Sending smokers over the river

By Gus Bode

Raising taxes is an ineffective way to persuade smokers to kick the habit, and the efficacy of such a dramatic increase seems a shaky way to provide construction funding.

Blagojevich’s campaign promise to leave the state sales and income taxes alone has been causing him headaches for some time as he has tried to come up with ways to resolve the state’s fiscal crisis.

If Gov. Rod Blagojevich’s budget passes, Illinois will be taxing cigarettes at the rate of $1.73 per pack, a 76 percent increase predicted to raise $155 million per year.

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Anti-smoking groups like the Missouri Partnership on Smoking or Health, eager to tax cancer sticks out of existence, claim smokers quit in droves after every tax hike. Undoubtedly some do, particularly younger smokers with less money to spend – and more importantly, in whom the talons of nicotine addiction are less deeply embedded.

Raising taxes is an ineffective way to persuade smokers to kick the habit, and the efficacy of such a dramatic increase seems a shaky way to provide construction funding. People still smoke in Rhode Island, where the tobacco excise tax is $2.46 per pack, the highest in the nation for the fourth year in a row. Of course, Rhode Island residents probably take a short drive to New Hampshire to buy smokes, where the tax is just 52 cents per pack.

Even so, the American Lung Association considers cigarette excise taxes to be laws ensuring smoke-free air, and it ranks all 50 states and Puerto Rico by these laws, issuing each a report card. Other factors in the rankings include tobacco prevention and control appropriations, youth access and smoke-free air laws. Illinois, ranked 24th, gets an “F,” along with 33 other states – but its tobacco tax laws get a “C.” Blagojevich’s proposed hike, if it passes, will surely gain us a point or two of grade point average.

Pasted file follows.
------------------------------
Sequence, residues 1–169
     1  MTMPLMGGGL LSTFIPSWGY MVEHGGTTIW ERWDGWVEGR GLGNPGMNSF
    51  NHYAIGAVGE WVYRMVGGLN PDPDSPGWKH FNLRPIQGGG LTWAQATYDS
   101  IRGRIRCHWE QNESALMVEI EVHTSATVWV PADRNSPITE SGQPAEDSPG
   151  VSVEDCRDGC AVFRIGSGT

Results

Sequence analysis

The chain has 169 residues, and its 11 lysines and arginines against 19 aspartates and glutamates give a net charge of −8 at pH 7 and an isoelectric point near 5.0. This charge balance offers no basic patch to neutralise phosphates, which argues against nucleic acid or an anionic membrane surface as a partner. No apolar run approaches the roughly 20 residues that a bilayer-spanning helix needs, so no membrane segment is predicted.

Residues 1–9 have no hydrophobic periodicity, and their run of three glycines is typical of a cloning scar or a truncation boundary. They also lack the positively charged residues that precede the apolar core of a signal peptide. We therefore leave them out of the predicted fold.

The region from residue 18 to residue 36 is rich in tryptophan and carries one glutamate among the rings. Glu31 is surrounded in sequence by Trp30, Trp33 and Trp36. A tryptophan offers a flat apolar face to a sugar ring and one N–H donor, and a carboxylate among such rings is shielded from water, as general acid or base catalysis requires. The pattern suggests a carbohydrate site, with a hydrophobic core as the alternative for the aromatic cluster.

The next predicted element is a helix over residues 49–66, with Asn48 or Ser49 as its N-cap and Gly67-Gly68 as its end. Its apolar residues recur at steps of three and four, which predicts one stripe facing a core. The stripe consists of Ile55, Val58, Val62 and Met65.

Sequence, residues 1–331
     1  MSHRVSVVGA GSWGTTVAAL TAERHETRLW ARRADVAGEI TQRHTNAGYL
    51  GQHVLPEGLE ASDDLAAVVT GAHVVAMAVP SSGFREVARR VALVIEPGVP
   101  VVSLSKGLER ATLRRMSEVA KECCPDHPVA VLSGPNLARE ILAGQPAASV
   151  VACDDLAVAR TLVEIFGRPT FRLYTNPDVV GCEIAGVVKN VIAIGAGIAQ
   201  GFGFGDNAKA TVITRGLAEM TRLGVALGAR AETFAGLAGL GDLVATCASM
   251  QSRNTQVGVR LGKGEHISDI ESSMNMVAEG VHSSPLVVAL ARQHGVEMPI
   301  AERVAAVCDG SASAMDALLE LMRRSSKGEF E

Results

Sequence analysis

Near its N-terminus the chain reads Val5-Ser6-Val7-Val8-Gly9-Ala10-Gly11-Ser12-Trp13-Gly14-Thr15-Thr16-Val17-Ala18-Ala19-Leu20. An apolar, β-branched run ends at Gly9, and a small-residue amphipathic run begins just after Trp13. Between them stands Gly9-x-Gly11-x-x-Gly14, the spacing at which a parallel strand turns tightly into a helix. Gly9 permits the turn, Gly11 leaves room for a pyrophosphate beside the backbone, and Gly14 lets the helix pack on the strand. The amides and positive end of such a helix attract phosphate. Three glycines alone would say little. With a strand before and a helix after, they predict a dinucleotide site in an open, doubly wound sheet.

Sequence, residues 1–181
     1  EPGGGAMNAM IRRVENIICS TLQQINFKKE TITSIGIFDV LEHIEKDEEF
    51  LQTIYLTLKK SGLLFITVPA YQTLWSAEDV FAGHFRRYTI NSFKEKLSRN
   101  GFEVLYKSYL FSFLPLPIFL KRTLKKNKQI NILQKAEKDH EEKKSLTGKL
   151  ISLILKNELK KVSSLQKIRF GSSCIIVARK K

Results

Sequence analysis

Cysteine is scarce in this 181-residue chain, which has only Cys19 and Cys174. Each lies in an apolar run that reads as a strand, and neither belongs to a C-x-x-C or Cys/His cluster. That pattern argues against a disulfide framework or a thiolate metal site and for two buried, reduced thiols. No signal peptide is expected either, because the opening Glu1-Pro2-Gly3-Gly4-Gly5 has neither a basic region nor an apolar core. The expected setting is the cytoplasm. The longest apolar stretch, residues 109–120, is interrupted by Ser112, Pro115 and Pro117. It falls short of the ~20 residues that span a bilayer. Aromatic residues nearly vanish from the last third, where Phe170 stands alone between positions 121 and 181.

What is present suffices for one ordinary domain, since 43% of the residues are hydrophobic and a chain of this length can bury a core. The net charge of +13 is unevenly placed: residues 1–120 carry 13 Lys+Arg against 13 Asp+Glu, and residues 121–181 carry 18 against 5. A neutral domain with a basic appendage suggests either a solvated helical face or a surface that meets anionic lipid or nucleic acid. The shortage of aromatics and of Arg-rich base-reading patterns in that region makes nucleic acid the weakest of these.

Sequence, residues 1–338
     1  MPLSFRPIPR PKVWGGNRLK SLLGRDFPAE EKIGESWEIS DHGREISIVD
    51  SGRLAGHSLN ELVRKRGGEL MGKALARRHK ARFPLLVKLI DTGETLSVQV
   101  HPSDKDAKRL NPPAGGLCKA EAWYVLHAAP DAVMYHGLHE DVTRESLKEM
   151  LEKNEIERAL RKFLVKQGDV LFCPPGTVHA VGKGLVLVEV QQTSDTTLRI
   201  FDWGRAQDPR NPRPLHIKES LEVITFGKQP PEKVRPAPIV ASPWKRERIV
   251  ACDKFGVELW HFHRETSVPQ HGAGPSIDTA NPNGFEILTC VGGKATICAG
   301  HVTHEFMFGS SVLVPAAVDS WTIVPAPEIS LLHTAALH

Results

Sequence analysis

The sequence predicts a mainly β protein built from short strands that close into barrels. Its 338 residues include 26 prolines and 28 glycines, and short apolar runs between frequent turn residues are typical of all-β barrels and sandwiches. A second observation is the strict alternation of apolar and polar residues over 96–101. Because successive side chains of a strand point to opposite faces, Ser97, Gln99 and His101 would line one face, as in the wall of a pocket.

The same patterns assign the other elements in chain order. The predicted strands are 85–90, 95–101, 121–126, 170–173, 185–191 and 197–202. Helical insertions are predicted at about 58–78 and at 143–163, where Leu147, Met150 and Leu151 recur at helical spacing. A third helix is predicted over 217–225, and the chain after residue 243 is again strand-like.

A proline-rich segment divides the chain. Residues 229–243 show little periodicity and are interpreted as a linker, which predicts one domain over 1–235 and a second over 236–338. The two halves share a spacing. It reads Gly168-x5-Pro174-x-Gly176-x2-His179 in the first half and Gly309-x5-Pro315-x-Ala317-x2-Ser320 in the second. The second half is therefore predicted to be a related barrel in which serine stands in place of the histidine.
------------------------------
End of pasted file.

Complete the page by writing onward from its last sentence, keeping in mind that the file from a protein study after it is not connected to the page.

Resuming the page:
Missouri charges a cigarette excise tax of 17 cents per pack. (“F!” shouts the American Lung Association.) Rep. Mike Bost, R-Murphysboro, knows people will cross the Mississippi in droves for cheap smokes. “And people won’t just buy gas and cigarettes, but they will eat in other states’ restaurants and shop there, too,” Bost said. “I think the state of Missouri just loves to see things like this happen.”

But Kentucky, taxing at the rate of 3 cents per pack, and getting F’s across the board from the American Lung Association, might be even more enticing, particularly to people in southern Illinois. All of this makes Blagojevich’s projections of $155 million in revenue seem optimistic.

Another salient feature of the Blagojevich budget – decreasing automatic pension benefit increases for future state employees – is misguided as well. This could cause job-hunting faculty to cross SIUC off their list, or at least make them unwilling to make long-term commitments to the University.

We hope Blagojevich’s proposals raise every penny he hopes for. The state certainly needs the money. But if his budget passes, people may want to look for alternate routes to St. Louis – the Interstate 64 bridge is crowded already.

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